I was really looking forward to revisiting this movie for a lot of reasons: you get double the dose of big, fabulous acting by Bette Davis, and a great cast in an enjoyable juicy melodrama involving several questionable choices and a happy ending. Katie (Davis) is a sweet, timid introvert who falls hard for loner and lighthouse engineer Bill (Glenn Ford). She tries hard to develop their romance to its fullest before allowing him anywhere near her twin sister Pat (also Davis). That’s because Pat is, say it with me: the bad twin, the one who’s always helped herself to her meeker sibling’s valuables. Sure enough, Pat strikes again, thanks to a chance meeting and the irresistible challenge of another conquest. Her more aggressive approach excites Bill, who describes Pat as a plain Katie cake with the missing touch of glamorous frosting. Pat and Bill marry, Katie pines and tries to move on, and in the course of her dabbling in art, she captures the attention of domineering painter Karnock (Dane Clark). Tragically but conveniently, Pat dies and Katie goes along with a case of mistaken identity, seeing it as her shot at finally enjoying all the happiness Pat stole from her. But Katie finds Pat’s life full of unexpected deception and misery, and has her eyes opened to how loved and valued Katie truly “was.”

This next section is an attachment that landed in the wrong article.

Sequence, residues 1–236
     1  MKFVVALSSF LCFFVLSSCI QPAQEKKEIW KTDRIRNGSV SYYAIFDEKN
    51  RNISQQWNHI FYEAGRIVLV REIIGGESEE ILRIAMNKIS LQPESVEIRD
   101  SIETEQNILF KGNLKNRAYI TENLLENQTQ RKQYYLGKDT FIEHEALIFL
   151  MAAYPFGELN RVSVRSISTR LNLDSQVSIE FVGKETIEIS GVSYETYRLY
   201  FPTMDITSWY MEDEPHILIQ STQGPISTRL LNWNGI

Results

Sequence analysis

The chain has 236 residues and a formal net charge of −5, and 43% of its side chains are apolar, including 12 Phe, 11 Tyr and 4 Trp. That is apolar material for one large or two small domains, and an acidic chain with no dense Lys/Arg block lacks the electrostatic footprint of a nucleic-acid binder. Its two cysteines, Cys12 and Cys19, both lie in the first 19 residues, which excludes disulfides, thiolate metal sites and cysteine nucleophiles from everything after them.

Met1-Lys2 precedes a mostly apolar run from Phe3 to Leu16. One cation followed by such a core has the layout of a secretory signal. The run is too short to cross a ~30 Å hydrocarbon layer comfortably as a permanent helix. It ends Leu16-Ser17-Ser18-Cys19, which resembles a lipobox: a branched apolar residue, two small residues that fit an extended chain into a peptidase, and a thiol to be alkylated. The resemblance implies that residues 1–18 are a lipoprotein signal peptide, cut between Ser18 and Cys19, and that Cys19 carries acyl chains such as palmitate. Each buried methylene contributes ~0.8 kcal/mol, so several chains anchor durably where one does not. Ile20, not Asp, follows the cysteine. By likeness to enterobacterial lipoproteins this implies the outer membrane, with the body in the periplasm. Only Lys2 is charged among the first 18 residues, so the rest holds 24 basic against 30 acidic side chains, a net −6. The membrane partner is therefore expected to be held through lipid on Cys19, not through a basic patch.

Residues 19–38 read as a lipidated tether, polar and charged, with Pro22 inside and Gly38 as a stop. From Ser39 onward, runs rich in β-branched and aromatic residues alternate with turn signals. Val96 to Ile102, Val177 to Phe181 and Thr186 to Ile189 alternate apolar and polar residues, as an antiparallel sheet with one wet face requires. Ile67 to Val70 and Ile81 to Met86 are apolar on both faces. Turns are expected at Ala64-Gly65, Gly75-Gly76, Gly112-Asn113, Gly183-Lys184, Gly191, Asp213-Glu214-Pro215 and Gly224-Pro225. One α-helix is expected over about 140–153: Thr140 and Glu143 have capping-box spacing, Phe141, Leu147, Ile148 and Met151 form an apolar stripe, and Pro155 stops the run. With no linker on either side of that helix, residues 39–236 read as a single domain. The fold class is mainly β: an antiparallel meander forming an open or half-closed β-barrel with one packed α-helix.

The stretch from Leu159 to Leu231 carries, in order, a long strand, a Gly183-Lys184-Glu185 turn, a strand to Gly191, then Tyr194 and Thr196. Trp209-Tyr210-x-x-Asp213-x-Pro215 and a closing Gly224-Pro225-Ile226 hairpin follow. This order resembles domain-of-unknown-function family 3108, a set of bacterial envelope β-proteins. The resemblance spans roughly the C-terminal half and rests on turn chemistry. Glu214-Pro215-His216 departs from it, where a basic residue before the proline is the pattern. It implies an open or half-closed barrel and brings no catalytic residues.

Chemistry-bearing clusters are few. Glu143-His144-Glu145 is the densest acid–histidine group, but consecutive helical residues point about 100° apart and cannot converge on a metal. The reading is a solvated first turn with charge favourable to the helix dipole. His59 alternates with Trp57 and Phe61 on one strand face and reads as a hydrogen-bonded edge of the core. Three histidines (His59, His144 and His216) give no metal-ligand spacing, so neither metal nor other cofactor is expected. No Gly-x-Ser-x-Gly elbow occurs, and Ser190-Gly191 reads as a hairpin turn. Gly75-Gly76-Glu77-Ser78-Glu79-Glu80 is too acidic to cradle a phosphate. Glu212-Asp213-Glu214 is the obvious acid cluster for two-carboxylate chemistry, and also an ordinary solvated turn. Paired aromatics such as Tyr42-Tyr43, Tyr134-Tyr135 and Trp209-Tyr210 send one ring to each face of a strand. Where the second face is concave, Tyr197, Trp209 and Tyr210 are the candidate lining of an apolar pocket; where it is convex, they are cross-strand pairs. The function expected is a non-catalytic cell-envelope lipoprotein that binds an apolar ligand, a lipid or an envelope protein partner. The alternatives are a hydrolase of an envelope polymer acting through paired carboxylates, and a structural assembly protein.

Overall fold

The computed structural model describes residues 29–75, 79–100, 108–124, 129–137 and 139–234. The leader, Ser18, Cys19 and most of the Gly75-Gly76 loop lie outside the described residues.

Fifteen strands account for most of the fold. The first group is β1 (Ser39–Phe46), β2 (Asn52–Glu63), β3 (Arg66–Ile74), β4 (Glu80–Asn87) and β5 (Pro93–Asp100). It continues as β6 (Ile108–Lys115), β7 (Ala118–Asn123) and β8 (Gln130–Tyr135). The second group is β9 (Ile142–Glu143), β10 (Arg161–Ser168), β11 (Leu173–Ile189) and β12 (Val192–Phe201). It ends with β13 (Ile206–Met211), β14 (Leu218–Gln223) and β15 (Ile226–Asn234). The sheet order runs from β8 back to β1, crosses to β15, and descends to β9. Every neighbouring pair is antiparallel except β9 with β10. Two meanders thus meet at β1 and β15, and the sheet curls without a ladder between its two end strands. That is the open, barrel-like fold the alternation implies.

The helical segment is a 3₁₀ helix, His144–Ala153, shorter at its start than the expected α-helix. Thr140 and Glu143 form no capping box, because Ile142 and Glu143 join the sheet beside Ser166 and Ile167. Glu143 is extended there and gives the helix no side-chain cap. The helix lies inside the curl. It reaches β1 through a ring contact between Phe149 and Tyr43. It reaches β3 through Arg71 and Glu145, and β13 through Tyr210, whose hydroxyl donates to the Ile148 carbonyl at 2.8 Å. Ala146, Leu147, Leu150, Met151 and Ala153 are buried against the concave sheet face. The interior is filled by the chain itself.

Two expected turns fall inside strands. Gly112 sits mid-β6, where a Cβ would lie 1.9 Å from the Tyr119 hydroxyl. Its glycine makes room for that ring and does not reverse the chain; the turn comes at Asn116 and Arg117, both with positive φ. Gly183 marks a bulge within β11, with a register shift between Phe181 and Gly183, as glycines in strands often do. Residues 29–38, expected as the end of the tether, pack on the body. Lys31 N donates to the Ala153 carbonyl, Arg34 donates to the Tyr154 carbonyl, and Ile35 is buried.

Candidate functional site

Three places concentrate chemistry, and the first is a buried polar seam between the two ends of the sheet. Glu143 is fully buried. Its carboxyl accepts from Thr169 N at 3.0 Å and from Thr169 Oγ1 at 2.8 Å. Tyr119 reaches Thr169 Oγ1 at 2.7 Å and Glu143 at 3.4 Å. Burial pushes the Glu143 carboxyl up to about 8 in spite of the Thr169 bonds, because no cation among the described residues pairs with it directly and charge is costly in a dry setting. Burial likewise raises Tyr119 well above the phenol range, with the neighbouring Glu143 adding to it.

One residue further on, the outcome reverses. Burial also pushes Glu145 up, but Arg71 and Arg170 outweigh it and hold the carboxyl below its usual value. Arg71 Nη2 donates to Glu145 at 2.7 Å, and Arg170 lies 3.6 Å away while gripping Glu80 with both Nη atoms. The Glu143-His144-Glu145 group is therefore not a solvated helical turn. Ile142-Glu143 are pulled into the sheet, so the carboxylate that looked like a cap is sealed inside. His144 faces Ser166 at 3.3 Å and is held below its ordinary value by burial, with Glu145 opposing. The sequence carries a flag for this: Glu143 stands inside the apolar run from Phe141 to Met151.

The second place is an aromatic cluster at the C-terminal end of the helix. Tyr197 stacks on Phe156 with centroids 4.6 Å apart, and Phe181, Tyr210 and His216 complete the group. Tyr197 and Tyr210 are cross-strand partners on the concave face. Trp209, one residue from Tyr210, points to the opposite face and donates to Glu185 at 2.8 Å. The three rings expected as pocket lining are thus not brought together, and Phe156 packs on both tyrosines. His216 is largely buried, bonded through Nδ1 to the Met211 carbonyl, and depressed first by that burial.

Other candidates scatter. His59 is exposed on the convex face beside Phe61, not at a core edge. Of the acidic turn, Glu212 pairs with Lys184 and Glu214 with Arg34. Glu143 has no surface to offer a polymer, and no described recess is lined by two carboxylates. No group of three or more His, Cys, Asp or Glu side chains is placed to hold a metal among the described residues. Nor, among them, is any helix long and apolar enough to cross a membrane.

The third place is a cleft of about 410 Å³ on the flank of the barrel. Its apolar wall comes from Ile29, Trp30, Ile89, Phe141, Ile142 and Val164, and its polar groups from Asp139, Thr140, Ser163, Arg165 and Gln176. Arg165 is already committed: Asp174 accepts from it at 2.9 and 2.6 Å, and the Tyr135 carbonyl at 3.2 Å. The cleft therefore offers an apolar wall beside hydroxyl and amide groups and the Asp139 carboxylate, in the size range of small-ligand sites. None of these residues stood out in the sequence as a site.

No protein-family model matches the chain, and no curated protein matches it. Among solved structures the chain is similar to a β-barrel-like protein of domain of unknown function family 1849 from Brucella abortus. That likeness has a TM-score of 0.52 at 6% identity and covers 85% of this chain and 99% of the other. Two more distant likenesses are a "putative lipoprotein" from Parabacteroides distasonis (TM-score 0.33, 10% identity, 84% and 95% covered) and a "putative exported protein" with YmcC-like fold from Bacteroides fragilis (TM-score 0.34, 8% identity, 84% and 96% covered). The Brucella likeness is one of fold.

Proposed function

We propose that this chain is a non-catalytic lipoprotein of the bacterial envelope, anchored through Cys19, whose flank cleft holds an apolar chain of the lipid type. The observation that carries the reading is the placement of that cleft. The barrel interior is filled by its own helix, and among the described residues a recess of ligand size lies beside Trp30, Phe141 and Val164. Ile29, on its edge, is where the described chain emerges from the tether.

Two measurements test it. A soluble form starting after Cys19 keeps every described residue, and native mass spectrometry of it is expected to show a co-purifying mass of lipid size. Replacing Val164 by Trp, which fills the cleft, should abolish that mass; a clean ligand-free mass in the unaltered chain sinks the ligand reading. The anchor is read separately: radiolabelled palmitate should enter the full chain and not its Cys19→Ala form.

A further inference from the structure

This is meaty material for Davis, who also produced. She gets to play two separate women, then one’s impersonation or interpretation of the other (twice if you count Pat pretending to be Katie when she meets Bill). Lots of good acting and technical effects reveal the sisters’ characters, show them in the same frame talking, sailing, arguing, etc., and Davis makes it easy to tell the ladies apart, not by using different clothes or hair, but by giving them different speech patterns, movements, insecurities and reactions. Davis speaks volumes with just a sad or venomous glance, about a long history of Katie losing things to her selfish sister, her realization that Bill’s one of those things now, about her low self-worth and habit of surrendering. Katie tries to be more of a fiery, forward, fighting woman, but it takes Katie literally pretending to be her sister, for her to learn all those differences are no shortcomings, but actually wonderful character traits that will, along with honesty, reward her with happiness.
The good supporting cast includes Bruce Bennett as the man breaking up Pat and Bill’s marriage, Charlie Ruggles as the wise and caring guardian who sees through Katie’s excuses and denials, as well as her impostor act (so does Pat’s suspicious dog Mike, in a hilariously suspenseful scene). Walter Brennan does a nice turn as the grouchy lighthouse keeper with a soft center, and Glenn Ford is nice and down-to-earth, but too easily fooled by fancy frosting instead of choosing true love with the plain cake who accepts him just as he is.